In the autumnal chill of Newport, Rhode Island, at the close of the nineteenth century, journalist Emma Cross discovers an instance of cold-blooded murder on the grounds of a mansion...
Following the death of her uncle, Cornelius Vanderbilt, in September 1899, a somber Emma is in no mood for one of Newport's extravagant parties. But to keep Vanderbilt's reckless son Neily out of trouble, she agrees to accompany him to an Elizabethan fete on the lavish grounds of Wakehurst, the Ochre Point "cottage" modeled after an English palace, owned by Anglophile James Van Alen.
Held in Wakehurst's English-style gardens, the festivities will include a swordplay demonstration, an archery competition, scenes from Shakespeare's plays, and even a joust. As Emma wanders the grounds distracted by grief, she overhears a fierce argument between a man and a woman behind a tall hedge. As the joust begins, she's drawn by the barking of Van Alen's dogs and finds a man on the ground, an arrow through his chest.
The victim is one of the 400's most influential members, Judge Clayton Schuyler. Could one of the countless criminals he'd imprisoned over the years have returned to seek revenge--or could one of his own family members have targeted him? With the help of her beau Derrick Andrews and Detective Jesse Whyte, Emma begins to learn the judge was not the straight arrow he appeared to be. As their investigation leads them in ever-widening circles, Emma will have to score a bull's eye to stop the killer from taking another life...
About the Author
Alyssa Maxwell knew from an early age that she wanted to be a novelist. Growing up in New England and traveling to Great Britain fueled a passion for history, while a love of puzzles of all kinds drew her to the mystery genre. She and her husband reside in Florida, where she loves to watch BBC productions, sip tea in the afternoons, and delve into the past. You can learn more about Alyssa and her books at www.alyssamaxwell.com.
Praise for Alyssa Maxwell’s Gilded Newport Mysteries
“The sense of place and history is palpable and the inclusion of historical figures and the intricate crimes make this a very entertaining, worthwhile series.” —The New York Public Library on the Gilded Newport Mystery series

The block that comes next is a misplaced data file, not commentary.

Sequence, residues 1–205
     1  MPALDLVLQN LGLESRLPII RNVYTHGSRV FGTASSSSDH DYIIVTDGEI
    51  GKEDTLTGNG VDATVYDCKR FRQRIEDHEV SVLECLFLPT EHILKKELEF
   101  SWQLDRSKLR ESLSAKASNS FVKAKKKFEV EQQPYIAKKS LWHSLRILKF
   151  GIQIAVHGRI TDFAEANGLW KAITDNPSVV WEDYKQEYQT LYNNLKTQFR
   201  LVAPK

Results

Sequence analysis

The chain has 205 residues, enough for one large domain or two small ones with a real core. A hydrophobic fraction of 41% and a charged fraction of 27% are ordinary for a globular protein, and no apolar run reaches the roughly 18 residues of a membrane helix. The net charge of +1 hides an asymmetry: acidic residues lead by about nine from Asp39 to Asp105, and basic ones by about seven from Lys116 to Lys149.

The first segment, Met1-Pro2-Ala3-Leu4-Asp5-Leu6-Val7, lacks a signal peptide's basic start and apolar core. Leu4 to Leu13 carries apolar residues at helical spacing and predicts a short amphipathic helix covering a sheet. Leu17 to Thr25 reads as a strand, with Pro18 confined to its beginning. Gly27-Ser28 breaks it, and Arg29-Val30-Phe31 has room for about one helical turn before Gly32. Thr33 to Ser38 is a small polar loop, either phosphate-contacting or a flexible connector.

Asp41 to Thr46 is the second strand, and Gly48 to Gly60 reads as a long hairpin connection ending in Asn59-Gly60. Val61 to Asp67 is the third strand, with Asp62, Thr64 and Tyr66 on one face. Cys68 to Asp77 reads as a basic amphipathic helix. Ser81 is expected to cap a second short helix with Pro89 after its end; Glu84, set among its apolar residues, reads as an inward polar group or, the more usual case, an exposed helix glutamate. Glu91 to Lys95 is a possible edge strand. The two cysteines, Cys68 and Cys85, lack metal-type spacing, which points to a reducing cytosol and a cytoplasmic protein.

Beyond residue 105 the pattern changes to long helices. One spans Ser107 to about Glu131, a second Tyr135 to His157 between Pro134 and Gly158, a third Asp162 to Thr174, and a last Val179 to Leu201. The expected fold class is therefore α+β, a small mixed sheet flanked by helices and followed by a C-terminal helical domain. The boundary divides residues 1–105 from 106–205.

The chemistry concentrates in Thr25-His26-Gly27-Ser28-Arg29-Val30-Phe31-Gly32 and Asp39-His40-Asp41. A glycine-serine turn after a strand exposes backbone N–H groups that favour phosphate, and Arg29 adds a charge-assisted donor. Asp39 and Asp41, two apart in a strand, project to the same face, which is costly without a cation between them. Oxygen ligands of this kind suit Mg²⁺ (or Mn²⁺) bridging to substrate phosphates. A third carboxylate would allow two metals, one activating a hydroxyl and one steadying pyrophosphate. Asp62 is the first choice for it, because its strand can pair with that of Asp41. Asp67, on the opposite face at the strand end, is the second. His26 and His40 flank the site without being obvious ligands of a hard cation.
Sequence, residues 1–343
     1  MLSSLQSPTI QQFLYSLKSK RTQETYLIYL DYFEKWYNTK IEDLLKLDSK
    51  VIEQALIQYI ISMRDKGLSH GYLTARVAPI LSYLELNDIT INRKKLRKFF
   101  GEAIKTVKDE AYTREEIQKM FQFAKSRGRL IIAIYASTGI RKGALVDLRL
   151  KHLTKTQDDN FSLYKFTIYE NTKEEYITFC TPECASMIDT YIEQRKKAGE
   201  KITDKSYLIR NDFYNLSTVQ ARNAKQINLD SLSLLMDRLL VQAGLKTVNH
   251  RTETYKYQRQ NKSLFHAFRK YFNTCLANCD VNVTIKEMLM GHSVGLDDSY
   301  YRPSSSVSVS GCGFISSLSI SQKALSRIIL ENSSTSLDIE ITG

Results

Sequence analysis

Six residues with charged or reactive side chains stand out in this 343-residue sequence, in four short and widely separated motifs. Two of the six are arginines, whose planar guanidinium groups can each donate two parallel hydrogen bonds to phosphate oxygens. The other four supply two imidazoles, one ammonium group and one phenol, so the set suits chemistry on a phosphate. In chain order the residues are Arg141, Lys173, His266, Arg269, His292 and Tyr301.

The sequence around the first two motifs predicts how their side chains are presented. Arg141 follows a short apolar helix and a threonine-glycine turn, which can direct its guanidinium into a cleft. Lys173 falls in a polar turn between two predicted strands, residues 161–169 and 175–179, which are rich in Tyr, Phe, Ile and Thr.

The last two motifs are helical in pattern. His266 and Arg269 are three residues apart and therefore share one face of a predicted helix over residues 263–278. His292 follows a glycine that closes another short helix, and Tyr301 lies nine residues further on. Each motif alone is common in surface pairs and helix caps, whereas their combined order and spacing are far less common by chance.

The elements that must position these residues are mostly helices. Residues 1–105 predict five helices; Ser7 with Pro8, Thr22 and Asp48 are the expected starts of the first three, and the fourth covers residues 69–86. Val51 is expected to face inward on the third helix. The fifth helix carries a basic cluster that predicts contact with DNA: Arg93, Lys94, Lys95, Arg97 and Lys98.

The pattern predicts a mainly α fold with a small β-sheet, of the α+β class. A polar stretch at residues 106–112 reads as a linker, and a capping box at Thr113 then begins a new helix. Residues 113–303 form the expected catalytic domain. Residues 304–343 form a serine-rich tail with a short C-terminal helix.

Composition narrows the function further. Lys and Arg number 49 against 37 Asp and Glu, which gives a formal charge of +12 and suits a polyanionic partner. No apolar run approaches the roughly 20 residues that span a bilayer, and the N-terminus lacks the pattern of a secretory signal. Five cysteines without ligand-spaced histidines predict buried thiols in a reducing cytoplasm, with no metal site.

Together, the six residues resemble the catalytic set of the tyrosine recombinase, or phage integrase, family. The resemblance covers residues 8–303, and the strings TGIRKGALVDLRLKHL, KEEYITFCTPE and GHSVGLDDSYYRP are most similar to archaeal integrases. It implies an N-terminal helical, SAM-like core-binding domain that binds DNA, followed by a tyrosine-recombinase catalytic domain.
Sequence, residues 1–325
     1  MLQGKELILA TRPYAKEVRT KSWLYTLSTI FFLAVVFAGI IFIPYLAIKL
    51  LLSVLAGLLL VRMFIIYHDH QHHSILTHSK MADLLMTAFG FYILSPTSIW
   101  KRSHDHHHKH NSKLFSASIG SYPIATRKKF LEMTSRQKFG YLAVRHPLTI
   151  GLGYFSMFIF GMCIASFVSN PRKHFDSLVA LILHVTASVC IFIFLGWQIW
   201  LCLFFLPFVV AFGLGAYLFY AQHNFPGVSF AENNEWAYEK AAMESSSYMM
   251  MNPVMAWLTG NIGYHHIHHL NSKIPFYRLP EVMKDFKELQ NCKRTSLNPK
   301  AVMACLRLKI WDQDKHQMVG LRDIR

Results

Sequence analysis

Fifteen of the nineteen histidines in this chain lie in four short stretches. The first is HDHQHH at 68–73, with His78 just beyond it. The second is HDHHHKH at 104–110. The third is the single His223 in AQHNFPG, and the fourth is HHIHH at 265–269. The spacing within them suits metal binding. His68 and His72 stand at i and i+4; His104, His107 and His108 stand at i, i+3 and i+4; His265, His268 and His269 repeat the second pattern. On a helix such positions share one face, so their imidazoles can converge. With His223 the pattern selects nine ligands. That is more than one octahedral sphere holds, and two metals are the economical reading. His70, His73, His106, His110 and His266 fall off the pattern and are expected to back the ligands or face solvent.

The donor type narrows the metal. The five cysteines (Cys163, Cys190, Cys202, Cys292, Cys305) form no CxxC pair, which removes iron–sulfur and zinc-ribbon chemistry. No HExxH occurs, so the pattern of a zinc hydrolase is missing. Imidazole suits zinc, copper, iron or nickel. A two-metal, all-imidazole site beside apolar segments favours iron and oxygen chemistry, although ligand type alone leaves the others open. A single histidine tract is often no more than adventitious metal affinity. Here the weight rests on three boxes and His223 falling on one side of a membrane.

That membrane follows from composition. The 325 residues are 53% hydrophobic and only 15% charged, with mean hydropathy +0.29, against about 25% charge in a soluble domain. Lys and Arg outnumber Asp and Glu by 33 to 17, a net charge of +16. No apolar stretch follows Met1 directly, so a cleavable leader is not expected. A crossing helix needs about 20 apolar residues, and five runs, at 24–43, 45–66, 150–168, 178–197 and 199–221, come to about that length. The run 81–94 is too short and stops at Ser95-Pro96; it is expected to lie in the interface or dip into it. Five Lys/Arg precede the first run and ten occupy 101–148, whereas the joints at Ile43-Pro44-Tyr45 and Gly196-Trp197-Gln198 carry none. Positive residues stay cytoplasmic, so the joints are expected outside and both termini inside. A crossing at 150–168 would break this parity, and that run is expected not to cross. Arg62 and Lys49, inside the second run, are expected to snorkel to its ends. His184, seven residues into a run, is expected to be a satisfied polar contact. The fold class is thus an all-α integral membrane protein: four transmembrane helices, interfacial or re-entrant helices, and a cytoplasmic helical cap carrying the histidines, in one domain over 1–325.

“Numerous plot twists, a richly described 1898 setting, details of the lives and times of the rich, and a principled, smart main character who is making her own way in the world distinguish this entry in the series. It will appeal to those who enjoy historical mysteries with strong, ahead-of-their-times female characters.” —Booklist on Murder at Crossways
“Alyssa Maxwell entertains readers once again…a light, summer-time read perfect for the beach. —Newport This Week on Murder at Crossways
“The setting and historical details are vibrant and colorful, especially real-life figure Mamie Fish—a grand dame in every sense of the phrase—and the glittering fashions and homes of the Newport rich. The Harvest Festival itself is more than worth the price of admission.” —Criminal Elementon Murder at Crossways
“Maxwell gives an honest portrayal of the Gilded Age, its pretentious high society, and the second-class status of women. Using just the right period details, Maxwell puts the reader into the story without bogging down the unfolding murder mystery. Fans of the series will enjoy this caper.” —Historical Novel Societyon Murder at Crossways
“Plenty of red herrings and an intimate look at the world of the wealthy and famous make for a rich broth of a mystery.” —Kirkus Reviews on Murder at Ochre Court
“Maxwell dramatically depicts the era’s contentious transition from gaslight to electricity…Series fans will enjoy following Emma’s changing circumstances.” —Publishers Weekly on Murder at Ochre Court
“A sweet, delightful mystery, which is sure to appeal to historical-fiction and mystery readers alike.” —Foreword Reviews on A Pinch of Poison
“The characters are fun, the dialogue is both charming and intelligent, but the scenery that makes up that extravagant time period in New England really is the gem in these glorious tales.” —Suspense Magazine on Murder at Rough Point
“Several cuts above the usual feisty heroine tale; it provides a good picture of life among the privileged—and not-so-privileged—classes in Gilded Newport.” —San Jose Mercury News on Murder at Beechwood